Tuesday, June 12, 2012

P is for Persimmon

I love my morning time walks with the dog...it's when I do a lot of my blog planning.   We took a field trip to watch naturalists catch bats in mist nets,  we got two new Science of Disney Imagineering videos to watch, Fritz just went to his first Royal Rangers Pow Wow.  There's a "P" for Pow Wow but I wasn't in attendance and hardly felt qualified to write about the experience.  Then I found myself  carefully observing my neighbor's trees for signs of fruit and it hit me ---Persimmons! 

Ever since we moved to Missouri we've been reaping the harvest.  Actually, these was a giant persimmon tree in the field where The Toolman's astronomy club met in Indiana, but I didn't appreciate the fruit yet.   It can be a little intimidating to try for the first time, especially if you're familiar with sayings like "he's a puckered old persimmon."   Let me assure you that in real life it's only the young or unripe fruit that can put a pucker on your lips.  The mature fruit is sweet and citrus-like.

Persimmons mature from a green color to orange, even slightly purple.  (The ones below came out of the freezer--hence the frosty appearance). The easiest way to tell a persimmon is ripe is to wait til it falls to the ground. 
Of course this means you'll need to pick early and often before local critters carry them off -- I've heard possums like persimmons.  And I'm rather picky about what I pick up--some fruits split when they hit the ground and I leave those for the ants.

I have seen persimmon pulp sold at a local apple orchard.  Originally I balked at the price, but having processed pulp myself now I realize how labor intense the job is. 

Persimmons contain a number of large seeds--remember the folk lore that persimmon seeds can predict the severity of winter?  If you cut open a seed and see the image of a spoon it means a lot of snow, a knife predicts a cold, cutting wind.  All I know is that it means a lot of work removing seeds--they're too big to run through my Squeezo processor so I have to do it by hand with a sieve and potato masher.

I consider the finished product worth it though.  I usually end up with close to 20 cups that a freeze.  I've never found a tested recipe for canned persimmon pulp and since their funding has been cut, the National Center for Food Preservation isn't likely to come out with a method soon so freezing is the way to go.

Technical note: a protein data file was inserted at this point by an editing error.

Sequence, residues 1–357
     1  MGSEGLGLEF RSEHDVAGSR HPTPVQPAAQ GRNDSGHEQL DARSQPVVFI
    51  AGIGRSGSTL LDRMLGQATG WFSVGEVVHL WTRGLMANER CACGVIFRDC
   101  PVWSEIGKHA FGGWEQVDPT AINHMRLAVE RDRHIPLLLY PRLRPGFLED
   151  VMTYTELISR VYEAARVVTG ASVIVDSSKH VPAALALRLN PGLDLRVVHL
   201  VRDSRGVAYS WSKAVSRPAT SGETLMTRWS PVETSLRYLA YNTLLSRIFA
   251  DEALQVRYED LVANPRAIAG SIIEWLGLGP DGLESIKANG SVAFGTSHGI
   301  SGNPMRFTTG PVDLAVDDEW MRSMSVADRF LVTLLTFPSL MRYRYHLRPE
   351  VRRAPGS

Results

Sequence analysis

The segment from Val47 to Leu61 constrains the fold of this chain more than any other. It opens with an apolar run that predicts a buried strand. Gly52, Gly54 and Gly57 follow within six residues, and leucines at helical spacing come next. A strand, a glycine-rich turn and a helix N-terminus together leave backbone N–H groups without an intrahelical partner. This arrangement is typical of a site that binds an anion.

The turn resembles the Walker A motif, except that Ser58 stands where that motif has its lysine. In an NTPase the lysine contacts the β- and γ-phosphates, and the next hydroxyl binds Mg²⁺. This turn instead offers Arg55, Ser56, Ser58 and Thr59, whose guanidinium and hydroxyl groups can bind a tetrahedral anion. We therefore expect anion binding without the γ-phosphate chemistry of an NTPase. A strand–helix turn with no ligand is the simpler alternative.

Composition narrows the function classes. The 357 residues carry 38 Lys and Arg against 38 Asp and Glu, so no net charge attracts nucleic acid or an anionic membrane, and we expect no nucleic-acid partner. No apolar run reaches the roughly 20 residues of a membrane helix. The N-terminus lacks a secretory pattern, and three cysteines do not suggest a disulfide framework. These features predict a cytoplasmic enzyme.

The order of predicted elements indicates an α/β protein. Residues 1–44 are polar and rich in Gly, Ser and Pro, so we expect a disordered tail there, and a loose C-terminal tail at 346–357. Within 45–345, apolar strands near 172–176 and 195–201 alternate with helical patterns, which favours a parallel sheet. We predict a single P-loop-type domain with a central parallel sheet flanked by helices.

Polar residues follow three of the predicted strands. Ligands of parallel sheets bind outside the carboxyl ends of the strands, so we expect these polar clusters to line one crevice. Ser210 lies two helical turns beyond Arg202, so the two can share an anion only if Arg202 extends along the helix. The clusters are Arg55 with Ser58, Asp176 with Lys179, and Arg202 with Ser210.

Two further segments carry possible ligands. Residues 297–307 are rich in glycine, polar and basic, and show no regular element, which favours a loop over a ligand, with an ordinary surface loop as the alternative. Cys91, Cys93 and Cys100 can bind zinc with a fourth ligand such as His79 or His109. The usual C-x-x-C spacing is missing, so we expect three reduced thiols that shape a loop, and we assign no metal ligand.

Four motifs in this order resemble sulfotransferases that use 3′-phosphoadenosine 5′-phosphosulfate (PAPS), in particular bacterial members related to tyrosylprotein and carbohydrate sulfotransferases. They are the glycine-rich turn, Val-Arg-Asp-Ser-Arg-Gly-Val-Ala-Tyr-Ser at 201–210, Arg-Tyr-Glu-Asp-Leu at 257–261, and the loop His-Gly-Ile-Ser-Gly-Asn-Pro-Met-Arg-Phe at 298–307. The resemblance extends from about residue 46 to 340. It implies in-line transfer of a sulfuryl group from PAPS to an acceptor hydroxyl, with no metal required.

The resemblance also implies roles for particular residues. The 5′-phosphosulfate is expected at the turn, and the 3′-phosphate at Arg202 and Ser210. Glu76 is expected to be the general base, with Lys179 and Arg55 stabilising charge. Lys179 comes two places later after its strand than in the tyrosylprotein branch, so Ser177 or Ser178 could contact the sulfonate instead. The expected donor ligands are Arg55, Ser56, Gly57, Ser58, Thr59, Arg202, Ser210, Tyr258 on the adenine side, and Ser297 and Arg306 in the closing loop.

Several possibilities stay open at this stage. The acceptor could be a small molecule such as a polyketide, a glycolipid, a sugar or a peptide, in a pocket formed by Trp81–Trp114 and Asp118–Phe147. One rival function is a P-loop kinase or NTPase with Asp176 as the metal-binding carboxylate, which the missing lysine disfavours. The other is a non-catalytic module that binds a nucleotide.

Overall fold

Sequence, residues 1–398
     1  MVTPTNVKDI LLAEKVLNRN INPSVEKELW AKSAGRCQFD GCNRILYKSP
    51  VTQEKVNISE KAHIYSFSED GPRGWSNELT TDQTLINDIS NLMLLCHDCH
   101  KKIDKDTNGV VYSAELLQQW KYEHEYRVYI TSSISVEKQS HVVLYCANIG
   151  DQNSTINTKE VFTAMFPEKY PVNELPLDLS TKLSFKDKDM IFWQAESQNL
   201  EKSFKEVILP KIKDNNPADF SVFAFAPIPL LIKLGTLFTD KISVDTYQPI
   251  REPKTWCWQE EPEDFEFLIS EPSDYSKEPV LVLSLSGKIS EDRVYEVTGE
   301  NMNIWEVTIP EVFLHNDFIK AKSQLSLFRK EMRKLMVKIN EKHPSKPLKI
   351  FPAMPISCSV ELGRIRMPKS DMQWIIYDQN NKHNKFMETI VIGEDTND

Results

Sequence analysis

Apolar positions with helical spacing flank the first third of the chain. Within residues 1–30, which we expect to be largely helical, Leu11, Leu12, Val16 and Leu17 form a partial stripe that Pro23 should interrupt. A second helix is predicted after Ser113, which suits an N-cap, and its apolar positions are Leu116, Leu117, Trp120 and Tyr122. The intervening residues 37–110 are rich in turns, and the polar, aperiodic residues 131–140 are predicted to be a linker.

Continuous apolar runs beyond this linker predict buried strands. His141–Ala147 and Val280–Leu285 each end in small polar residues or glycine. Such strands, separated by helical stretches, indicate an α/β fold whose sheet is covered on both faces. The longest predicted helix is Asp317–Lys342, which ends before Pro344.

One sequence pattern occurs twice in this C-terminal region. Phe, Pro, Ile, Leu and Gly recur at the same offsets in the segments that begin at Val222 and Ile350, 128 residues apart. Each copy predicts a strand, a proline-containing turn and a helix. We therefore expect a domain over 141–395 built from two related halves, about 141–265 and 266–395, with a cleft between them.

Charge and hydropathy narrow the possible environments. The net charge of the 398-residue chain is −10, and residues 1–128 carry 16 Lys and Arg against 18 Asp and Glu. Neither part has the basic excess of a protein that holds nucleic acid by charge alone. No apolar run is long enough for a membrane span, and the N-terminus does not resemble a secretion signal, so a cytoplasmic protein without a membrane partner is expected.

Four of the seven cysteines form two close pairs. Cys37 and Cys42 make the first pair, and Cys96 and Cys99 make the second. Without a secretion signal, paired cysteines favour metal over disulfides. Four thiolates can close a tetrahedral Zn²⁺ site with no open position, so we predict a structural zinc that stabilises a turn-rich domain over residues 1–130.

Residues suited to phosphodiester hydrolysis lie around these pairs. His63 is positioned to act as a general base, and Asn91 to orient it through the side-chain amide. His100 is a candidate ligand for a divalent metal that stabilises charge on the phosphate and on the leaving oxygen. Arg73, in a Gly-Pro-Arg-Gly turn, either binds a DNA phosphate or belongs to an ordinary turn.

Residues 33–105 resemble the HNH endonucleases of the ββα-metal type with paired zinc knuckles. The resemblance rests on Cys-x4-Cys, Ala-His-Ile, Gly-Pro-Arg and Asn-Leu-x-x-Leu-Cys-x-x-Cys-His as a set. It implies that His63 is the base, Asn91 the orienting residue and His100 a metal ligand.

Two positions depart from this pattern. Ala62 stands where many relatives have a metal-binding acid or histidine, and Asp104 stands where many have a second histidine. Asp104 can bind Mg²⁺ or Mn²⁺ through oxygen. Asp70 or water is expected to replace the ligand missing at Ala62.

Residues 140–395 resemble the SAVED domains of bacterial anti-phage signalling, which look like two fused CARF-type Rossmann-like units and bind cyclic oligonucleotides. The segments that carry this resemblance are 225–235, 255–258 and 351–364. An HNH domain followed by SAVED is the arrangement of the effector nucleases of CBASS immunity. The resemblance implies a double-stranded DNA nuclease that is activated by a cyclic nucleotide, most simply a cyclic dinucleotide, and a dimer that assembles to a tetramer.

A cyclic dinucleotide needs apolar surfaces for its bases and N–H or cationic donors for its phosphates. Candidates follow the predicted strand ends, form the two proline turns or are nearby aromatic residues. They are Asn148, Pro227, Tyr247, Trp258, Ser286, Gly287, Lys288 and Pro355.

I've posted my favorite recipe before, but I'll repeat it here--a delicious Persimmon Orange-Nut bread that I've given as Christmas gifts. 

3 cups flour                                                                   1/2 cup butter, melted
3/4 cup sugar                                                                1/2 cup milk
1 Tbs. baking powder                                                   1 cup persimmon pulp
1 tsp. salt                                                                      1 Tbs. grated orange rind
1/4 tsp. baking soda                                                      2/3 cup orange juice
3 eggs                                                                           1/2  cup chopped nuts

Sift together flour, sugar, baking powder, salt and soda. In separate bowl beat together eggs, butter, milk and pulp. Stir in orange rind and juice. Stir pulp mixture into flour until moistened. Fold in nuts. Pour into two greased loaf pans and bake at 350 for 50 minutes or until it tests done.

While writing this, I've thought of several other great "P" topics--pizza for one which is cooking in the oven right now.  I'm sure the other folks participating in Ben and Me's alphabet challenge have come up with others so be sure and check them out.

1 comment:

Kym Thorpe said...

I don't think I've ever tried a persimmon. Hmmm... this post has made me want to though! Looks yummy!

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